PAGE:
On November 24, 2014, St. Louis County Prosecuting Attorney Bob McCulloch announced that there would be no criminal charges brought against Darren Wilson, the White former police officer who shot and killed unarmed Black 18-year-old Michael Brown. Yesterday (August 7), the good people of St. Louis County voted the prosecutor out of the office he was first elected to in 1991.

Progressive Ferguson City Council member Wesley Bell won 56.6 percent of the votes. He is the first person to run against McCulloch since the verdict, and as he does not face a challenger in the general election, he will be the new prosecuting attorney for St. Louis County. He ran on a platform that vowed to end mass incarceration, reform the cash bail system, reserve resources for serious crime, engage the community, end the death penalty and “resist the Trump administration.”

“People say, ‘Well you shocked the world.’ No. We shocked the world,” Bell told supporters last night, per the St. Louis Post-Dispatch. “I don’t believe in campaign promises. I believe in promises. So when we say we are going to expand diversionary programs, it’s going to happen. When we say we are going to reform the cash bail program, it’s going to happen.”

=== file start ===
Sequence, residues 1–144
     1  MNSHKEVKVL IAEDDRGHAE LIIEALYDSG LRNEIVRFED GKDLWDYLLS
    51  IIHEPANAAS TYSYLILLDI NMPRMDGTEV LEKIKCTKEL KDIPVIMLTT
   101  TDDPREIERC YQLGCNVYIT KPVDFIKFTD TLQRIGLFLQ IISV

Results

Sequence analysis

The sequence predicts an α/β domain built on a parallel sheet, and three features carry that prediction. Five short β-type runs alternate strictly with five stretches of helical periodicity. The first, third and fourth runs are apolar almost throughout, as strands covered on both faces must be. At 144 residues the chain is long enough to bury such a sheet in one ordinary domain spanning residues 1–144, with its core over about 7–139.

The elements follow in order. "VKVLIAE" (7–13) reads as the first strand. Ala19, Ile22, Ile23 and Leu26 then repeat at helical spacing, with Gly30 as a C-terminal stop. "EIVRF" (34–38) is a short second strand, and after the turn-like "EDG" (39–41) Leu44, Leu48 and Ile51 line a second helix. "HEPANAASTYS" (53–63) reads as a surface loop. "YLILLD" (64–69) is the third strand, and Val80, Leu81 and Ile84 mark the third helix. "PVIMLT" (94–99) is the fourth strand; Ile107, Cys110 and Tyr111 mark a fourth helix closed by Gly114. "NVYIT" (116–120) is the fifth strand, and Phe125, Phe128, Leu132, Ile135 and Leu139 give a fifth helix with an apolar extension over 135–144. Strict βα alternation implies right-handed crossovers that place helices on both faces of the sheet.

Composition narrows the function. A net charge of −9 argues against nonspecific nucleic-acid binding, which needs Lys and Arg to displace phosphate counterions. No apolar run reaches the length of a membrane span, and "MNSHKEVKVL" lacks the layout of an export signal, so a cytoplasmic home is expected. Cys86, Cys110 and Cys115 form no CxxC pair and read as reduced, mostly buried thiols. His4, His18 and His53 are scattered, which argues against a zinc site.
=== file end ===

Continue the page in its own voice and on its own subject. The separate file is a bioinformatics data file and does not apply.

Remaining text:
A 2015 study detailed the overwhelming Whiteness of the nation’s elected prosecutors pool—and why it’s important for people of color to hold those positions. As Colorlines previously reported:

Of the 2,437 elected prosecutors serving in jurisdictions around the country last summer when the survey was conducted, just 4 percent are men of color, only 1 percent are women of color, and White men account for fully 79 percent (while only accounting for 31 percent of the total population). And 60 percent of states have zero Black elected prosecutors. The only state where White men make up less than half of the prosecutors is New Mexico. 

Whether they are called district attorneys or states attorneys general, elected prosecutors are the ones who decide when to pursue criminal charges, which charges to file, and if they will carry prison time.

Residents, organizers, activists and journalists alike rejoiced online following Bell’s win. Here’s why they are shouting #ByeBob: